Appeal from the Order of the Court of Common Pleas of Montgomery County in case of Richard A. Lewis, a minor, by his parent and natural guardian, Helen Keller and Helen Keller in her own right v. Hatboro-Horsham School District and John Canally, No. 79-15331.
Gerald L. Bowen, with him, Robert R. Fleck, Bowen and Fleck, for appellants.
Phillip B. Silverman, McGettigan, McWilliams & Silverman, for appellees.
President Judge Crumlish, Jr., and Judges Doyle and Barbieri, sitting as a panel of three. Opinion by Judge Doyle. Concurring Opinion by President Judge Crumlish, Jr.
[ 77 Pa. Commw. Page 288]
This is an appeal from an order of the Court of Common Pleas of Montgomery County, Pennsylvania which granted summary judgment to the Hatboro-Horsham School District (School District) and John Canally, appellees, and barred the recovery of Richard A. Lewis, a minor, who was injured on the school premises. The Court found the School District to be immune under Section 201 of the Political Subdivision Tort Claims Act (Act).*fn1 We affirm.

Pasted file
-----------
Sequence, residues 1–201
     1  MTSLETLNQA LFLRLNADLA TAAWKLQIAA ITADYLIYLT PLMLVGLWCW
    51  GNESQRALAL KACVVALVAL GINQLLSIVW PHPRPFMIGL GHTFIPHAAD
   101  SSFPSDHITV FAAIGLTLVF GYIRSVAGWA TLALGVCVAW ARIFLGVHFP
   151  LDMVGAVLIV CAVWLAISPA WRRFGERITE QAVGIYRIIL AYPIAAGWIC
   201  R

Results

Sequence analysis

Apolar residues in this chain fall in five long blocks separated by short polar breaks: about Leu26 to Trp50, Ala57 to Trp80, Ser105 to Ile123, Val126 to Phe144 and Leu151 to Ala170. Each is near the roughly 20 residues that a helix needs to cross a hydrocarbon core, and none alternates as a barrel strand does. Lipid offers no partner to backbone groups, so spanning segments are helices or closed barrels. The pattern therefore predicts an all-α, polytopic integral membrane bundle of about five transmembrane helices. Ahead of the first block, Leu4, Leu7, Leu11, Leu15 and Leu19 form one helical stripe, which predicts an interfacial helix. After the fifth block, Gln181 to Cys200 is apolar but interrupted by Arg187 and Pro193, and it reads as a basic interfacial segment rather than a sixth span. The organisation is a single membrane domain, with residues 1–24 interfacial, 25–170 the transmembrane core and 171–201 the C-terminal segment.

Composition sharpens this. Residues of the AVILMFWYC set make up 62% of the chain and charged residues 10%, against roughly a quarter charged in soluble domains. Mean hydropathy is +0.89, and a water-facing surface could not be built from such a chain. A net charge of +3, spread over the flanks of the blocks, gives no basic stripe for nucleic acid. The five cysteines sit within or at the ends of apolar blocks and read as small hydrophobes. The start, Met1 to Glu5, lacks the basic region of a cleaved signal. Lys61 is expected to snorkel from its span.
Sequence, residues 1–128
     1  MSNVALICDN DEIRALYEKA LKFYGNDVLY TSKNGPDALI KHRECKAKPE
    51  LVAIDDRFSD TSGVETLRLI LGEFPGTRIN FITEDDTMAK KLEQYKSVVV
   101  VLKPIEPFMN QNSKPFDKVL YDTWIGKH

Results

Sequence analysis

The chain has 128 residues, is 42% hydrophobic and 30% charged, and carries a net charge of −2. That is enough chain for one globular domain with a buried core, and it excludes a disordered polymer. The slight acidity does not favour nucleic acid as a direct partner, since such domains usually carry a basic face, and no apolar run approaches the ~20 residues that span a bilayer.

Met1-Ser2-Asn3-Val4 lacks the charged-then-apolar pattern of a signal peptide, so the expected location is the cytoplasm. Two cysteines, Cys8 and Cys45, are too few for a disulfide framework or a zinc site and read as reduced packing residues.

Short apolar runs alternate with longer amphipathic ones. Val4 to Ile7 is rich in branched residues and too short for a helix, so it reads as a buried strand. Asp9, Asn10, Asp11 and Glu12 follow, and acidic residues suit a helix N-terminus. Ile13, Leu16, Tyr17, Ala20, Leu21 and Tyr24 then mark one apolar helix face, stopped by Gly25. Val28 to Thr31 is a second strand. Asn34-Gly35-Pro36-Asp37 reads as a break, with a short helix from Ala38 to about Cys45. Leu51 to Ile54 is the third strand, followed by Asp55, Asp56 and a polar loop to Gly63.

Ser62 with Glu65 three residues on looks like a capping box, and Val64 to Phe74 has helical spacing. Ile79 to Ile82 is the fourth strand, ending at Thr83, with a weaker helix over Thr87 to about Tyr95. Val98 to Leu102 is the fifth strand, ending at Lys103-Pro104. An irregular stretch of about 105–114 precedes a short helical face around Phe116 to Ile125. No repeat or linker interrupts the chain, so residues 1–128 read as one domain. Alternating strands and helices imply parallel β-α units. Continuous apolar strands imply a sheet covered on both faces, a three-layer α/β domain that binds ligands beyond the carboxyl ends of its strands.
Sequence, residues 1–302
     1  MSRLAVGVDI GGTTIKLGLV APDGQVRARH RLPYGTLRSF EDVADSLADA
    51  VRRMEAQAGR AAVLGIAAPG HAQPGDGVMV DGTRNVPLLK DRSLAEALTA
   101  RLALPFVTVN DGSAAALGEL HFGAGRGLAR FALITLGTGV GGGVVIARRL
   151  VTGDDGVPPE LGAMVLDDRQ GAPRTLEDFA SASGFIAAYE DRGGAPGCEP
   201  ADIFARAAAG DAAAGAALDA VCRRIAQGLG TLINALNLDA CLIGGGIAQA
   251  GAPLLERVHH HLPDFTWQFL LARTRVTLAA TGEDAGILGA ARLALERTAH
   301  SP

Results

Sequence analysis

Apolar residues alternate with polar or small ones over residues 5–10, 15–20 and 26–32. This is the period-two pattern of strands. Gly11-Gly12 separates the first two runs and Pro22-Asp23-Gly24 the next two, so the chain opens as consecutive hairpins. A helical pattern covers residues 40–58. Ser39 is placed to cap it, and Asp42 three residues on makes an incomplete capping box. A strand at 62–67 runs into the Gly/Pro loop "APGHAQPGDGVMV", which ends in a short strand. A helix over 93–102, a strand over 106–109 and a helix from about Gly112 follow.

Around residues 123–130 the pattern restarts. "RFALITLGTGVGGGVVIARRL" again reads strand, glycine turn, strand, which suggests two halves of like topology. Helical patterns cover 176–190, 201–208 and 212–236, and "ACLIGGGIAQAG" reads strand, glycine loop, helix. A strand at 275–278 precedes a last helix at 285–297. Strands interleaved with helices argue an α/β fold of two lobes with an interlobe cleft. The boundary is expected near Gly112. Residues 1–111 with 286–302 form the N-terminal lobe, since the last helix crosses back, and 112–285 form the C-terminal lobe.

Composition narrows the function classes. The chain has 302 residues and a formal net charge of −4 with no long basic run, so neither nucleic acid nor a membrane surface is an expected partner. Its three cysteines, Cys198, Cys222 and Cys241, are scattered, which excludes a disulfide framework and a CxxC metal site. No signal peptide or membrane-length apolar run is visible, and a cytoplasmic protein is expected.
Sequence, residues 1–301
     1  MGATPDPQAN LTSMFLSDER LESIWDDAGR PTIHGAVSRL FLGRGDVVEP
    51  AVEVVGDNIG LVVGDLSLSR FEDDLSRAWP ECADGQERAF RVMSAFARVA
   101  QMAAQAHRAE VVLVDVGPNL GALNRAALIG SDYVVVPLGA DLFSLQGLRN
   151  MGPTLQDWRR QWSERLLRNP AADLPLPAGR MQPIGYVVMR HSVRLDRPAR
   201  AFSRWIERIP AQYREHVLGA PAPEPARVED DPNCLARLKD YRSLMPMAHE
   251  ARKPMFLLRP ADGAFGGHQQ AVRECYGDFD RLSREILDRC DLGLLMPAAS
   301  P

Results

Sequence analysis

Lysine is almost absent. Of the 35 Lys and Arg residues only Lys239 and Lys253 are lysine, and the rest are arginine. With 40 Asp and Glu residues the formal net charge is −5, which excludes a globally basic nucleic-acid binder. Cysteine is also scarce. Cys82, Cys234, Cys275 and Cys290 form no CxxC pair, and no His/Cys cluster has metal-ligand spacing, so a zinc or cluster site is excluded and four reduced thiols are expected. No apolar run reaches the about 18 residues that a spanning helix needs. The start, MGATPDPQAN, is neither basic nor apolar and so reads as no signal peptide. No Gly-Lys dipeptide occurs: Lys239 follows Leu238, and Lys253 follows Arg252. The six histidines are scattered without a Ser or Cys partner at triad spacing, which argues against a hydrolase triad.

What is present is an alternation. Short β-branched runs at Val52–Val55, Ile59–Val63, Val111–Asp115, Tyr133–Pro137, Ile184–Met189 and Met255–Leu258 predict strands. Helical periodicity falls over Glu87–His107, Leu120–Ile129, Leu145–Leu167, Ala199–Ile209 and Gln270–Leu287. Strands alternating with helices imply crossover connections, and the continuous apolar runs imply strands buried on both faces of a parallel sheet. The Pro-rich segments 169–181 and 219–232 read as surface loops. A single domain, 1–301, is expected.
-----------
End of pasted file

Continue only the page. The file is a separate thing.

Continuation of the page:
On March 26, 1979, the appellee John Canally, employed by the School District as a baseball coach, was
[ 77 Pa. Commw. Page 289]
conducting practice for the junior varsity baseball team. While appellant Richard Lewis was rounding the bases as he had been instructed to do by the coach, he was hit in the eye by a line drive which Mr. Canally had just batted. As a result of this incident, appellant suffered a permanent loss of vision in his right eye.
Appellant contends that because this accident happened on school property it falls within one of the eight exceptions to the Act, namely that which imposes liability where the accident occurred because of failure to exercise proper care in the custody and control of real estate. The pertinent section of the Act provides:
(b) Actions or activities which may impose liability -- The following acts or activities by a political subdivision or any of its employees may result in imposition of liability on a political subdivision.
(3) The care, custody or control of real property in the possession of the political subdivision. . . .
53 P.S. § 5311.202(b)(3). This section generally imposes liability in cases where the cause of the accident was the subdivision or its employee's negligence in the care of real estate. Its purpose was to limit the old rule of absolute sovereign immunity by imposing a standard of due care on those political subdivisions who are owners or users of property. Penalty is then imposed in the form of liability for failure to adhere to the standard of care in cases involving the exceptions. In a similar case, ...